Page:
In the DLP process, the projector swiftly projects the entire layer image at once, significantly reducing the overall 3D printing time. This characteristic makes DLP a notably faster printing method when compared to SLA, rendering it highly suitable for a wide array of applications. However, due to the projected light at varying angles, the pixel shape can be altered in different areas, which poses challenges in achieving complex geometries and maintaining precise build quality across the build platform.

Masked Stereolithography 

Masked Stereolithography, or mSLA, is the latest advancement in resin 3D printing technology, representing an evolved version of SLA and DLP. What sets mSLA apart is its utilization of an LED array light source coupled with an LCD screen instead of a laser or a single projection point .

In mSLA, the LED array projects light through an LCD panel, selectively masking specific pixels while allowing only the unmasked pixels to transmit light. Curing solely occurs in the unmasked section, enabling users to achieve highly detailed prints at a faster pace than traditional SLA and DLP printers, all while maintaining exceptional build quality through pixel-level control across the build.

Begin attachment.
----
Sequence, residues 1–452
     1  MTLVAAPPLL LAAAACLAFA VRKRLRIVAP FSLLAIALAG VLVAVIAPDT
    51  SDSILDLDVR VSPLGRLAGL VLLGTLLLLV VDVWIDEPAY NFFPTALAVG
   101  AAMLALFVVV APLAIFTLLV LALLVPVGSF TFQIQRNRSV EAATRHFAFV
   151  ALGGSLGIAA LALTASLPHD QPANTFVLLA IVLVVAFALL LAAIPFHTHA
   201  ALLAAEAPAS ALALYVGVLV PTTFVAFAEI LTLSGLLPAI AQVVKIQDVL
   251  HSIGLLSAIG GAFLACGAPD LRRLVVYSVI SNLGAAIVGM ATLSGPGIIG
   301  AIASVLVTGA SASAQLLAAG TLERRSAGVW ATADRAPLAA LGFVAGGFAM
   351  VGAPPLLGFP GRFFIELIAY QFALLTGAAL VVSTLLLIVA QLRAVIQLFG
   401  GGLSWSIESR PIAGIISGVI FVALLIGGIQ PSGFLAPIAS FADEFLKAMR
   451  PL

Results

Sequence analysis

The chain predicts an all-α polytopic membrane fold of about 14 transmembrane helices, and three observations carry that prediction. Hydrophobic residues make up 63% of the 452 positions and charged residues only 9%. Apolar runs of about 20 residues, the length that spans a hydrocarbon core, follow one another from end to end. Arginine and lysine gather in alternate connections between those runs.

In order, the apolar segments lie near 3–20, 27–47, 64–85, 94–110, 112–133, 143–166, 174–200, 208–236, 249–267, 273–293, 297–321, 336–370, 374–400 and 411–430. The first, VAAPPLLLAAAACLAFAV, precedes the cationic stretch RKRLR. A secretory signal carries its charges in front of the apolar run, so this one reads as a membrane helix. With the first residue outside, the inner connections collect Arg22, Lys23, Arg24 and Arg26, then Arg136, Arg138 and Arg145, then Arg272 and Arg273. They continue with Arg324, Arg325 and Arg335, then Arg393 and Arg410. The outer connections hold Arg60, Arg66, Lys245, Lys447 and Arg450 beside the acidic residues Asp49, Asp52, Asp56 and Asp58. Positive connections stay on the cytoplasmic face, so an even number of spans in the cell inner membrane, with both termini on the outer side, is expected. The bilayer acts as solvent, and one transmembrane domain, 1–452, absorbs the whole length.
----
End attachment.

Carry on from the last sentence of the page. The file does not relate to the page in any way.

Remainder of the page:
Nexa3D’s resin 3D printers enhance the power of mSLA 3D printing with proprietary Lubricant Sublayer Photo-curing (LSPc®) technology. LSPc® combines a UV LED  light array with an LSPc Optical lens layer, ensuring uniform light distribution at ultrafast speeds. Additionally, the patented lubricated Everlast 2 membrane significantly reduces the “peel force” exerted during the detachment of each layer from the vat’s base. This remarkable combination allows for the market’s fastest mSLA printing with the largest build area in its class, all without compromising image quality.

mSLA is compatible with various types of SLA resin 3D printing materials, making it suitable for a diverse range of applications. It offers excellent resolution, accuracy, and process repeatability, accommodating a wide range of compatible resins such as flexible, biocompatible, and castable resins.

Industrial vs. Hobbyist Resin 3D Printers